595 research outputs found

    What may be learnt about the archaeology of islands from archaeologically derived models of the exploration of Polynesia, 1966-2001?

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    Polynesian archaeology is one regional specialization in the world-wide practice of archaeological investigations of islands, oceans and seas. It is timely to consider how Polynesian archaeology fits within that newly-articulated framework of theoretical and methodological advances concerned with islands. To do this, I examine the history of archaeologically-derived models of the exploration of Polynesia developed since the invention of radiocarbon dating

    The case of Heinrich Wilhelm Poll (1877-1939): A German-Jewish geneticist, eugenicist, twin researcher, and victim of the Nazis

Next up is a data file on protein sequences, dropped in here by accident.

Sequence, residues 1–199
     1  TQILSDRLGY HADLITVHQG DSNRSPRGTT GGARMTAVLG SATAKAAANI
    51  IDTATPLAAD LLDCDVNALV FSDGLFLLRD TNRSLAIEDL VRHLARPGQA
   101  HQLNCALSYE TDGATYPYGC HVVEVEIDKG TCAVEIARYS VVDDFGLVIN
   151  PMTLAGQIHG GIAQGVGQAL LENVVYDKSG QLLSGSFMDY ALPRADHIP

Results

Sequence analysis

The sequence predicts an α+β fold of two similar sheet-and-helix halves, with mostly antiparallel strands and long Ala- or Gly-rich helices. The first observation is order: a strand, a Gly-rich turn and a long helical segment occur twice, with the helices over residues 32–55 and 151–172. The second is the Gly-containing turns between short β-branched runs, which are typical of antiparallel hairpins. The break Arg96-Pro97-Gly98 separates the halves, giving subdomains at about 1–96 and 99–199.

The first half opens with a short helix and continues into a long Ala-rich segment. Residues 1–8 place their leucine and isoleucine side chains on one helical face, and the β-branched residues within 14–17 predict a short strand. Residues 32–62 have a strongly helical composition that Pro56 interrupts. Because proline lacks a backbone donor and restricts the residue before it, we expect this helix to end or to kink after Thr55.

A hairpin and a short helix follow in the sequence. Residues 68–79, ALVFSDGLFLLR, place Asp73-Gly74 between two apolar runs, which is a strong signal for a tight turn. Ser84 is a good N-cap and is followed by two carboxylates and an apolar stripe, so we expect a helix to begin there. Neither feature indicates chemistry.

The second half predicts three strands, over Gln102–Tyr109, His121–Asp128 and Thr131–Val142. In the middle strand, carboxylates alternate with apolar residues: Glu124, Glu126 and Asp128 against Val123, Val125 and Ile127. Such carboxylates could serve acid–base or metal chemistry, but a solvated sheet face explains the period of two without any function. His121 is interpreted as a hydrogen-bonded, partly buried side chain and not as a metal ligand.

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    This paper uses a reconstruction of the life and career of Heinrich Poll as a window into developments and professional relationships in the biological sciences in Germany in the period from the beginning of the twentieth century to the Nazi seizure of power in 1933. Poll's intellectual work involved an early transition from morphometric physical anthropology to comparative evolutionary studies, and also found expression in twin research - a field in which he was an acknowledged early pioneer. His advocacy of eugenics led to participation in state-sponsored committees convened to advise on social policy, one of which debated sterilisation and made recommendations that led eventually to the establishment of the notorious Kaiser Wilhelm Institute for Anthropology, Human Heredity and Eugenics. However, his status as a prominent geneticist and, in particular, as a eugenicist had an ironic and ultimately tragic dimension. Heinrich Poll was of Jewish birth, and this resulted in his career being destroyed by an application of the population policies he had helped put in place